Healthcare Tips

$10M Grant To Tackle Alzheimer's Disease Mystery

August 07, 2017

A researcher at the University of Illinois at Chicago College of Medicine has been awarded more than $9.8 million to head a five-year National Institute on Aging Program Project Grant.

The project will bring together a "dream team" of researchers from five institutions to examine the biology of the most important risk factor in Alzheimer's disease, the cholesterol-carrying protein apolipoprotein E (apoE), and its receptors in the central nervous system.

Mary Jo LaDu, associate professor of anatomy and cell biology in the UIC College of Medicine, was one of the first researchers to investigate the role of apoE in neuronal injury and death. She showed that these lipoproteins in the central nervous system are distinct in structure and function from those found elsewhere in the body.

LaDu said she recognized that learning how apoE and its receptors affect the progression of AD may be the key to understanding the disease. So she decided to use her long-term association with other researchers in the field to develop a project that could tackle the biology of apoE and apoE receptors from all angles.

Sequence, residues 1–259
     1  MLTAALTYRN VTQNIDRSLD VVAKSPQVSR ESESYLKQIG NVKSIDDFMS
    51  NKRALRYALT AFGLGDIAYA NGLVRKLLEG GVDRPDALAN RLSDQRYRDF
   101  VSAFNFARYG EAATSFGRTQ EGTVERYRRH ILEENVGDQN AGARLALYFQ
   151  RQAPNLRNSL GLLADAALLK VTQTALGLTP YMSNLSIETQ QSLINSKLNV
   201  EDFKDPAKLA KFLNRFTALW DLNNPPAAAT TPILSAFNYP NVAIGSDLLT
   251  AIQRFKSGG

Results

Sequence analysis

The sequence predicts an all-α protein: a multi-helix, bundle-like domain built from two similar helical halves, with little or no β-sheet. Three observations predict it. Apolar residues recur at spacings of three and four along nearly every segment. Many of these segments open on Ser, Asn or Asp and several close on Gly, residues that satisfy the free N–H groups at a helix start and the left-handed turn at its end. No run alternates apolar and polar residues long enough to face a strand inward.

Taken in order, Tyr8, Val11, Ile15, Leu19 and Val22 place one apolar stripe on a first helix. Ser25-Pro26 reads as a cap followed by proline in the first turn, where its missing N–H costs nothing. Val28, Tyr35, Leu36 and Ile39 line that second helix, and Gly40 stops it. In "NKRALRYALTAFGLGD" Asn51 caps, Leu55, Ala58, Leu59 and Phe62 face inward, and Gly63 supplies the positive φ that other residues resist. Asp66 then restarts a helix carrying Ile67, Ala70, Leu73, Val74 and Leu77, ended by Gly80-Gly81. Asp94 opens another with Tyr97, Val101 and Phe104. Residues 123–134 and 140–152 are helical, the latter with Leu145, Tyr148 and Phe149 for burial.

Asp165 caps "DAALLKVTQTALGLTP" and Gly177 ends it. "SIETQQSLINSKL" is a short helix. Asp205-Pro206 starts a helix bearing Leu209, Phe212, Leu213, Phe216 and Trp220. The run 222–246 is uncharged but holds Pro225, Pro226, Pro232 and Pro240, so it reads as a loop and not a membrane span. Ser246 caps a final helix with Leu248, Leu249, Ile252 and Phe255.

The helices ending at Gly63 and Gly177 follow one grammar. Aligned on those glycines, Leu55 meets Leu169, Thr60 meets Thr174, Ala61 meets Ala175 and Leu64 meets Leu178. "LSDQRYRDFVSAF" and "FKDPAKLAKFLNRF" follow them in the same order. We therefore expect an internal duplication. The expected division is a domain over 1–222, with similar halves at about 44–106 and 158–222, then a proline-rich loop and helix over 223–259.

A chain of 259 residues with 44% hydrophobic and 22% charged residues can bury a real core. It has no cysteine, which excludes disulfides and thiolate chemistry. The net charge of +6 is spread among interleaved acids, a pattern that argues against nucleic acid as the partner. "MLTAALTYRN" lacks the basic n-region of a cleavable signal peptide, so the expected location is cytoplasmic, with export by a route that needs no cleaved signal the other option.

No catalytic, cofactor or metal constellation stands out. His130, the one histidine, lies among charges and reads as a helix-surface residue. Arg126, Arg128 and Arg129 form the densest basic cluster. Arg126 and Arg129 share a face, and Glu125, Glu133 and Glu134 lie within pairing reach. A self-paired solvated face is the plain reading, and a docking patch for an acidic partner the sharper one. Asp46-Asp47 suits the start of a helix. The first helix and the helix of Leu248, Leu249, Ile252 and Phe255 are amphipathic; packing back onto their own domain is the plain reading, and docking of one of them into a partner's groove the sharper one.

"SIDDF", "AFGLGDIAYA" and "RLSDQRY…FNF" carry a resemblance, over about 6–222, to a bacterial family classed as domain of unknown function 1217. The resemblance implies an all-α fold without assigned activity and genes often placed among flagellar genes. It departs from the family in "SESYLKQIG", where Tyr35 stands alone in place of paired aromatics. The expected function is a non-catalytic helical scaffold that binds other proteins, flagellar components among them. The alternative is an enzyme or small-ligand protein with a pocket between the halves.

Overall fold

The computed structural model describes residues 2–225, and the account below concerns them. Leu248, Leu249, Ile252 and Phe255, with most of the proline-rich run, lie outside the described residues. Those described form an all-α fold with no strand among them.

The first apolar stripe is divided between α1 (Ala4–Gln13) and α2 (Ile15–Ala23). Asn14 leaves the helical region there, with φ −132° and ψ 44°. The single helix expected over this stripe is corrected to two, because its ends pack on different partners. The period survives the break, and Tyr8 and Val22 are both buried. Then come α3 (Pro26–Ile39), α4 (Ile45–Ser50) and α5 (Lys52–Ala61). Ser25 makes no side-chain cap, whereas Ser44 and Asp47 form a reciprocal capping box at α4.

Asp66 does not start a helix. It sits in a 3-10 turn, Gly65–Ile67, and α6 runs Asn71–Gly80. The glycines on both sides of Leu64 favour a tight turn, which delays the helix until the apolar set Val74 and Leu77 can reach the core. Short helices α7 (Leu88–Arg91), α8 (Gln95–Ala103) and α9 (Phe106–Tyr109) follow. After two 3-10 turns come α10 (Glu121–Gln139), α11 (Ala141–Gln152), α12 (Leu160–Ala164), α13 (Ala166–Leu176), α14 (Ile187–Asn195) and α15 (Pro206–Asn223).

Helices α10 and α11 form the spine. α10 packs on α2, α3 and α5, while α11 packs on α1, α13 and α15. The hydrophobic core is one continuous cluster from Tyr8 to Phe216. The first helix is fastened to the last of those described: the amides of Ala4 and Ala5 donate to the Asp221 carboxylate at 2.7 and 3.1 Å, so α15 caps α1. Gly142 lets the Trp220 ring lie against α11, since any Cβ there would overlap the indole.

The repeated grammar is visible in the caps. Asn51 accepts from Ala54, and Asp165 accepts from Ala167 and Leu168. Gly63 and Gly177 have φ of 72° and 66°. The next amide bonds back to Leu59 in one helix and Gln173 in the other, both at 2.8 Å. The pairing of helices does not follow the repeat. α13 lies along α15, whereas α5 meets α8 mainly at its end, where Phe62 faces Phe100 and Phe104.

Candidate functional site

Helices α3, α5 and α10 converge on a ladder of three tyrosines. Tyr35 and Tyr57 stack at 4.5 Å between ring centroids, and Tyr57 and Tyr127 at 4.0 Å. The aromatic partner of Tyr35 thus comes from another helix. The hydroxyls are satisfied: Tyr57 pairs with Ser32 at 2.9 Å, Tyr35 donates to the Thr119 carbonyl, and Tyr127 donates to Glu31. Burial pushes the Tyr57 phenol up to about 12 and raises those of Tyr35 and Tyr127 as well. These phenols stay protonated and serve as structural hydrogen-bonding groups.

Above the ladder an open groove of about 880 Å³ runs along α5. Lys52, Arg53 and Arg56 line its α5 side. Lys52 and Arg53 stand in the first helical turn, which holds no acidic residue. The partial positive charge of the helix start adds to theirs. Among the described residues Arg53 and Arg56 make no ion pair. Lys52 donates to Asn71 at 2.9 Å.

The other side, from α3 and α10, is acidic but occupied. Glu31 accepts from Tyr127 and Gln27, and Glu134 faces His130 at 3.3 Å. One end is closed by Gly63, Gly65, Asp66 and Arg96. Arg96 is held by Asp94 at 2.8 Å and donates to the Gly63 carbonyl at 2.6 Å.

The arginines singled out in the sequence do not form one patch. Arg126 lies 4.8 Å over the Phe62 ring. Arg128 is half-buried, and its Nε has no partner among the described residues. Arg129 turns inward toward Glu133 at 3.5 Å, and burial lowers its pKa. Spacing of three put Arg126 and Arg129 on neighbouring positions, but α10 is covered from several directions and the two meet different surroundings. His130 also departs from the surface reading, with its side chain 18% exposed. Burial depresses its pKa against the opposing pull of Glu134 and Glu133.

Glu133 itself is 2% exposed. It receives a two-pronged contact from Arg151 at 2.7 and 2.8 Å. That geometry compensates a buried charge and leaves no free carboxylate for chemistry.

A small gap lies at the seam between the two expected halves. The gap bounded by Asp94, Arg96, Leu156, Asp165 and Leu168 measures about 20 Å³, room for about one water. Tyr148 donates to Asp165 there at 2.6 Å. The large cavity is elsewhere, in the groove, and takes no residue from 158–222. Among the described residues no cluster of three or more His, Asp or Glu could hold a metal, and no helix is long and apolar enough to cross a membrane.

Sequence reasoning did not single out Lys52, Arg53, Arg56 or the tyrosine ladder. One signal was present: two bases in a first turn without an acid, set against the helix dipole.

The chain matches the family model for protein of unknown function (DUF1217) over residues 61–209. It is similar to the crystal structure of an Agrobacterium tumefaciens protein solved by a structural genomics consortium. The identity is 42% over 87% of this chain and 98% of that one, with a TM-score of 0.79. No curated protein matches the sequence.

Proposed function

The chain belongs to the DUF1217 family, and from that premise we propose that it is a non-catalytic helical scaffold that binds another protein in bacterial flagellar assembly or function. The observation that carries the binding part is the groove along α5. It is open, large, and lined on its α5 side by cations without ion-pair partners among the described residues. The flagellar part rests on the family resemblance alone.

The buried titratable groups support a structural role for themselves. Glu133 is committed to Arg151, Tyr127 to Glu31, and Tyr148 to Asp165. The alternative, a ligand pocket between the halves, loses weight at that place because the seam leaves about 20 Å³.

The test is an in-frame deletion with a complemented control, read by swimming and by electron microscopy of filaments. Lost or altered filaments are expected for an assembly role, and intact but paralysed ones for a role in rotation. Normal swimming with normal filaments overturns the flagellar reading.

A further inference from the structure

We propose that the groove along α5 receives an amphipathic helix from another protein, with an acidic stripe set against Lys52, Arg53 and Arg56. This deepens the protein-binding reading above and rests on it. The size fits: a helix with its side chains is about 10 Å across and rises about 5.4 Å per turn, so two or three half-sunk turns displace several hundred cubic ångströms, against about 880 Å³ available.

"I was able to bring together researchers who had overlapping interests and diverse expertise to attack the problem," LaDu said. Although not all of her collaborators knew each other, they all were excited about the project and immediately meshed as a team, she said.

"This is the first time that an NIH Program Project Grant has brought together investigators from so many institutions," said LaDu.

Other investigators include Steve Estus at the University of Kentucky's Sanders-Brown Center on Aging, who studies the molecular genetics of AD; cell biologist Guojun Bu of Washington University School of Medicine in St. Louis, an expert on apoE receptors; neurobiologist William Rebeck of Georgetown University, who studies the cellular mechanisms of signal transduction relevant to AD; and Edwin Weeber of the University of South Florida, a behaviorist and electrophysiologist who focuses on learning and memory and studies changes in synaptic function and animal behavior in genetically altered mice.

The grant will fund the work of the researchers, project administrators, and core facilities. A symposium is planned for next June in St. Louis.

Source:
Jeanne Galatzer-Levy
University of Illinois at Chicago